Abstract

When a ship sails in a hostile sea, it is hard to avoid slamming pressure. In this paper, the slicing theory and MPS method are combined to study the impact pressure during water entry. Firstly, the effectiveness of the in-house solver MPS-SJTU is verified by a water-entry test of a ship profile. The vertical force and velocity are consistent with the results obtained by SPH algorithm and model tests. Then, the water-entry processes of three bow sections are simulated by the MPS-SJTU solver. There are three pressure measuring points on each section. By comparing the pressure curves of different measuring points and the free surface during the water-entry of different sections, the distribution of the slamming pressure can be analyzed.

INTRODUCTION

Slamming is a common phenomenon in ocean engineering. The ship will be subject to a large slamming pressure during the sailing. This may not only affect the ship's maneuverability, but also damage the hull structure. Therefore, it is of great significance to calculate and forecast the possible slamming pressure on the hull accurately. This will be conductive to ensure ship safety and optimize the design process of the hull.

Many researchers have carried out a number of studies on the problem of slamming. The research methods can be roughly divided into three categories: theoretical research, experimental research and numerical simulation.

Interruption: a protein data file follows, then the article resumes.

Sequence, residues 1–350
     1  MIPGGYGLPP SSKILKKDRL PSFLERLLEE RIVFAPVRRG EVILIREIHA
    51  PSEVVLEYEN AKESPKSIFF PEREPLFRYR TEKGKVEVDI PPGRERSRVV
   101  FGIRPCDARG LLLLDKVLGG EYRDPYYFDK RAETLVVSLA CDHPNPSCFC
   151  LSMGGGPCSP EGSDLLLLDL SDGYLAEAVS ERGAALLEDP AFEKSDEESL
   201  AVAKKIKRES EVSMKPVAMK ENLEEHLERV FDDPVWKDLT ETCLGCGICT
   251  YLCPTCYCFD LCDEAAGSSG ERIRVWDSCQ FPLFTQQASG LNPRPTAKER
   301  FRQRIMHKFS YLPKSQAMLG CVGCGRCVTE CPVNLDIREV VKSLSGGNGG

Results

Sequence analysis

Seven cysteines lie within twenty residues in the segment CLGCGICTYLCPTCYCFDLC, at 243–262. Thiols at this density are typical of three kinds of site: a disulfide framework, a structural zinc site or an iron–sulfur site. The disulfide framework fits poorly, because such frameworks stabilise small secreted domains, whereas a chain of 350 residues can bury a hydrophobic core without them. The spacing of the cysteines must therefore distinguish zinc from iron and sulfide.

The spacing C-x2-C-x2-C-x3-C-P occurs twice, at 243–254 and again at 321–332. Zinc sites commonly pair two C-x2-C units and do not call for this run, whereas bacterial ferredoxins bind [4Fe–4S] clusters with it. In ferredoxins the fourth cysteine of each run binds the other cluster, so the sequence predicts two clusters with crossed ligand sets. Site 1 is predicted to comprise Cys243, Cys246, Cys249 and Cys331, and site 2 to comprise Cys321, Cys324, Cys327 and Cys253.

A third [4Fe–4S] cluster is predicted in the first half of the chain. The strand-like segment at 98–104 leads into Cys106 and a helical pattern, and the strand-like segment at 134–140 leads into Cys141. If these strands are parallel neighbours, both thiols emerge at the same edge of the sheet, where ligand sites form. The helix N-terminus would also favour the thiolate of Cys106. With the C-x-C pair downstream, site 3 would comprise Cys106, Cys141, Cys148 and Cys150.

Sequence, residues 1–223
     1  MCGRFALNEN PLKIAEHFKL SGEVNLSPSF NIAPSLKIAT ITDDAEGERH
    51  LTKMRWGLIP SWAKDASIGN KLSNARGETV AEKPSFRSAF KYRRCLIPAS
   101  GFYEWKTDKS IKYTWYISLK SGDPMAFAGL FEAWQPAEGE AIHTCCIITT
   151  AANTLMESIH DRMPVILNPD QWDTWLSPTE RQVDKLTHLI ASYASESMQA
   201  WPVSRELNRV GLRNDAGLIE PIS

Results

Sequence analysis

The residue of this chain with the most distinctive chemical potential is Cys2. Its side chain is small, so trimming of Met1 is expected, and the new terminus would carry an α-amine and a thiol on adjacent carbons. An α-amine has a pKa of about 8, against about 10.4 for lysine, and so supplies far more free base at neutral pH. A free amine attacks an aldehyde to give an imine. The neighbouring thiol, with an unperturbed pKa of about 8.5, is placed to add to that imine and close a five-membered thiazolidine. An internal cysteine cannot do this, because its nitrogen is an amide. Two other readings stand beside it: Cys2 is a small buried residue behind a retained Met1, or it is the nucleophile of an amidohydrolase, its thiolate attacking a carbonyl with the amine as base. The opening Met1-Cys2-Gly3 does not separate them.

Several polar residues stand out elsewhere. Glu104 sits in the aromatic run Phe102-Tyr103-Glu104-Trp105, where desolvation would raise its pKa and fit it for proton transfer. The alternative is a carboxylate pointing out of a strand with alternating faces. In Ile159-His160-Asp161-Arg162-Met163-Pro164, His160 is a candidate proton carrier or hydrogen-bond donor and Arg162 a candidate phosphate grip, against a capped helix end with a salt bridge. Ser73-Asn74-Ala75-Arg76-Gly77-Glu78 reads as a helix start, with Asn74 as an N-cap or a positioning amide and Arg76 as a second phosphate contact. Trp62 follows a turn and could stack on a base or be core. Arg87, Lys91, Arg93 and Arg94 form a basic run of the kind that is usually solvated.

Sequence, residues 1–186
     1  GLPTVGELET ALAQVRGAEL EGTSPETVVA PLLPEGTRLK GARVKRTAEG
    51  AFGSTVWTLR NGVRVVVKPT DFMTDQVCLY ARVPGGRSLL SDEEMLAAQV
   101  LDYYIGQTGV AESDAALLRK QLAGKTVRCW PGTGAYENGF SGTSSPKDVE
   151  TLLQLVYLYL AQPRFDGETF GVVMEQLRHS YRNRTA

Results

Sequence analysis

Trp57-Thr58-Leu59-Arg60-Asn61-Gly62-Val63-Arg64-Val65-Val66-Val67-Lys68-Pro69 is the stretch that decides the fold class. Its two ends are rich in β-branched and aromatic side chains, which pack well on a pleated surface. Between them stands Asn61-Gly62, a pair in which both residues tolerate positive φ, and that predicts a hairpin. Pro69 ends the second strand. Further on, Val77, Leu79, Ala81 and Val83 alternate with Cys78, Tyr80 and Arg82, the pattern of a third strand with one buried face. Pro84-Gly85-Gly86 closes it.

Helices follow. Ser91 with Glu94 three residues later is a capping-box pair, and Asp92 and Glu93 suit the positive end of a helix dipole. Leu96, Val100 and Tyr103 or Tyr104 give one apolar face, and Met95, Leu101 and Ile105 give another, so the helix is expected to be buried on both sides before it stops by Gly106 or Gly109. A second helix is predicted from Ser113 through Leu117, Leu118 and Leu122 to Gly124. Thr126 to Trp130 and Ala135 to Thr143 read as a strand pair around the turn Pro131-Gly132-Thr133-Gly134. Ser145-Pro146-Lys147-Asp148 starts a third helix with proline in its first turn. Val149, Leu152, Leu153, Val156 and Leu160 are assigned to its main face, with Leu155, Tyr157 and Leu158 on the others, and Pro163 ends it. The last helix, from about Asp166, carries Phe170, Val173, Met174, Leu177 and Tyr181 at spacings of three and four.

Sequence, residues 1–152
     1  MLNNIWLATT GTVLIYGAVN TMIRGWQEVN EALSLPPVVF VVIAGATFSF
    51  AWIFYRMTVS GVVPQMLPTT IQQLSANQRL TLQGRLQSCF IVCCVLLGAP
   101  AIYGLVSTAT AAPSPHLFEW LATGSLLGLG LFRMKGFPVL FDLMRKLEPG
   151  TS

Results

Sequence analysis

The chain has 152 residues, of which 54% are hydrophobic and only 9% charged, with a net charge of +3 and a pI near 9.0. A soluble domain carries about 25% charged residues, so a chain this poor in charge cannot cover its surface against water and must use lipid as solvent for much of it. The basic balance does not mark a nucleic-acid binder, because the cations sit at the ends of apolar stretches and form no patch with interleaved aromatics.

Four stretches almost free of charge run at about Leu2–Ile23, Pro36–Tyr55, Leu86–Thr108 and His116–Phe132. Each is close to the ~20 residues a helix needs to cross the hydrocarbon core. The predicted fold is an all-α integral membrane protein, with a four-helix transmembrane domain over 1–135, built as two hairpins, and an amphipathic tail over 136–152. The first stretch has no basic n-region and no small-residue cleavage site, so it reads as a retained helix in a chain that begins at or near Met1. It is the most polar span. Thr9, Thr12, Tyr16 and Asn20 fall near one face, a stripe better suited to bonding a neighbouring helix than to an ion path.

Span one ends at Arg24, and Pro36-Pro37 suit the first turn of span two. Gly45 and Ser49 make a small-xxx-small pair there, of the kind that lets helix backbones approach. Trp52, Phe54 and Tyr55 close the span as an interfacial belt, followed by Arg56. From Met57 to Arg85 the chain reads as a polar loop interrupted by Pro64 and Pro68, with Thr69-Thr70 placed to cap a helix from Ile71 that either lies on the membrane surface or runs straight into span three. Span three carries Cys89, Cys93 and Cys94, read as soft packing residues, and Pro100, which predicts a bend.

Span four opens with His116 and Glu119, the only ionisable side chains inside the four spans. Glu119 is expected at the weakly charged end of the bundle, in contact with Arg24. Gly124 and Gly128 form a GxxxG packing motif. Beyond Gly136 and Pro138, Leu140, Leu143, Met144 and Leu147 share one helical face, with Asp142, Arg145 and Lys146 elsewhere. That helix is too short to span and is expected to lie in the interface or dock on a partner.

In terms of theoretical research, Von Karman (1929) originally proposed a theoretical method to calculate the slamming pressure based on the momentum theorem and the additional quality hypothesis. On the basis of Von Karman's research, Wagner (1932) considered the jet flow and free surface rise, which improved the accuracy of this method in calculating the slamming pressure of wedge with small deadrise angle.

Early studies on slamming were mostly theoretical studies based on the studies of Von Karman (1929) and Wanger (1932). With the development of photography technology and the improvement of experimental level, scholars began to use experimental methods to study the problem of water-entry. Chuang (1966) conducted water-entry tests on rigid plates and wedges to study the variation of the peak slamming pressure of the wedges with different deadrise angles, and he found the cushioning effect of air. Yettou et al (2006) measured and compared the pressure distribution of wedge body when it enters water freely and at a constant velocity through experiments. Huera-Huarte et al (2011) carried out a water entry test of a plate with a small deadrise angle and found that when the deadrise angle is smaller than 5°, the air effect became very important and could not be ignored.

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